The issues raised in this case concern the scope of the fraud exception and involve ascertainment of applicable law, not interpretation of UCP 500. UCP 500 Article 14 treats the decision of an issuer or confirmer to take up the documents as final. Moreover, UCP 500 Article 15 clearly states that banks are not responsible for beneficiary fraud. The notion that an issuing or confirming bank should act or refuse to act because facially complying documents may later prove to be forged or fraudulent is foreign to UCP 500.

The fraud exception is imposed by law as an extraordinary exception to the independence principle which otherwise dominates letter of credit law and practice. It has been argued that there should be no fraud exception, but most jurisdictions allow for some legal interference in the use of letters of credit to deter or undo fraud. Different jurisdictions have developed different reputations for protecting - sometimes too much or too little - against fraud. English law and court practice have developed the reputation for rarely finding actual fraud by a beneficiary but easily shifting the risk of potential fraud from the applicant onto the banks.

The issues raised in this case would be differently analyzed and answered under U.S. law. Section 5-109(a) of revised UCC Article 5 reads:

(a) If a presentation is made that appears on its face strictly to comply with the terms and conditions of the letter of credit, but a required document is forged or materially fraudulent, or honor of the presentation would facilitate a material fraud by the beneficiary on the issuer or applicant:

(1) the issuer shall honor the presentation, if honor is demanded by (i) a nominated person who has given value in good faith and without notice of forgery or material fraud, (ii) a confirmer who has honored its confirmation in good faith, (iii) a holder in due course of a draft drawn under the letter of credit which was taken after acceptance by the issuer or nominated person, or (iv) an assignee of the issuer's or nominated person's deferred obligation that was taken for value and without notice of forgery or material fraud after the obligation was incurred by the issuer or nominated person; and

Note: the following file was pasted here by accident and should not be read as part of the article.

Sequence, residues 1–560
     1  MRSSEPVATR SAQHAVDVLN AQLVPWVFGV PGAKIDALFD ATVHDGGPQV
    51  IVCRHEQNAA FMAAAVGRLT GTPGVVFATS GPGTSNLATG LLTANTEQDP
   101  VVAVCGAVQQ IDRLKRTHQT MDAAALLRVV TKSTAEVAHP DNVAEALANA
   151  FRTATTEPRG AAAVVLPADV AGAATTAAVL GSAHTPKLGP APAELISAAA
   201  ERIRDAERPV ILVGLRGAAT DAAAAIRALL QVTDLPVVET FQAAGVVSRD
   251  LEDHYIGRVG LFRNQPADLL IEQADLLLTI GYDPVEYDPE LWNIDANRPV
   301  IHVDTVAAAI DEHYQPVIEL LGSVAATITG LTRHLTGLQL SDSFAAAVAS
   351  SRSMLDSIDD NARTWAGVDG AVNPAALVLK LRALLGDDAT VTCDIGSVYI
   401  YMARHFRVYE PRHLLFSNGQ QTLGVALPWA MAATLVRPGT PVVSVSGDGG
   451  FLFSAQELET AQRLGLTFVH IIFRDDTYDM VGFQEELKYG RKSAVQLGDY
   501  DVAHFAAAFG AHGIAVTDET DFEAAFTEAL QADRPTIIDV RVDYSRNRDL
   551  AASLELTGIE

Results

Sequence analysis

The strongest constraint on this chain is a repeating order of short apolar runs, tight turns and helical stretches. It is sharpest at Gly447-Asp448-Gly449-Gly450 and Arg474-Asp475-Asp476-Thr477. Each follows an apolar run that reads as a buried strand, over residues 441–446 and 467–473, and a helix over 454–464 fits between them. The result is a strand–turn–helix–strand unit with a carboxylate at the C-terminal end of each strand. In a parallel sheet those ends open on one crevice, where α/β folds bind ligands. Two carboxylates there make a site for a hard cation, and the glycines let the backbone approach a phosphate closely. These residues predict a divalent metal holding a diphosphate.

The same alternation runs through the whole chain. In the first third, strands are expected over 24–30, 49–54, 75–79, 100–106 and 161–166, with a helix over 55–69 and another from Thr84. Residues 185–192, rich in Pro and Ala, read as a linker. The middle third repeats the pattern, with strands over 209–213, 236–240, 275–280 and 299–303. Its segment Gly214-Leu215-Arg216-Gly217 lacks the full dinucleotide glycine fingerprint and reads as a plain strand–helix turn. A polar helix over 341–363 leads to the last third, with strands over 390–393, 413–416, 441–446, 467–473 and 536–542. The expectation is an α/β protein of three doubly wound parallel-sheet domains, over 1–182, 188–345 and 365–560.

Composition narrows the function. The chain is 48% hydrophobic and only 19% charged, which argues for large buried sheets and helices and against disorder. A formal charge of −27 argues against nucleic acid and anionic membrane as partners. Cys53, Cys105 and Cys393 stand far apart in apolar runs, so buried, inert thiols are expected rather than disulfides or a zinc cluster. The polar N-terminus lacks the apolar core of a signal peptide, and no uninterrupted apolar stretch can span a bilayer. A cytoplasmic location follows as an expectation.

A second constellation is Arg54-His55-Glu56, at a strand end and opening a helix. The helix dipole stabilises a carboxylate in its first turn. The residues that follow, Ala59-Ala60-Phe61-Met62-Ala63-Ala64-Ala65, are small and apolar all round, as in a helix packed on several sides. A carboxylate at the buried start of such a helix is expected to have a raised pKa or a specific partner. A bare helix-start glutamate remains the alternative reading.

(2) the issuer, acting in good faith, may honor or dishonor the presentation in any other case.

U.S. law generally forces an applicant claiming beneficiary fraud to try to persuade a judge to enjoin honor rather than to try to make fraud known to an issuer or confirmer so as to induce dishonor. Revised UCC § 5-109(a)(1) expressly protects issuers and confirmers that discount deferred payment obligations incurred under a letter of credit. U.S. law thus views acceptances and deferred payment obligations incurred under a letter of credit as letter of credit obligations and equates them so as to facilitate market practice.



The views expressed in this Case Summary are those of the Institute of International Banking Law and Practice and not necessarily those of ICC or the other partners in DC-PRO.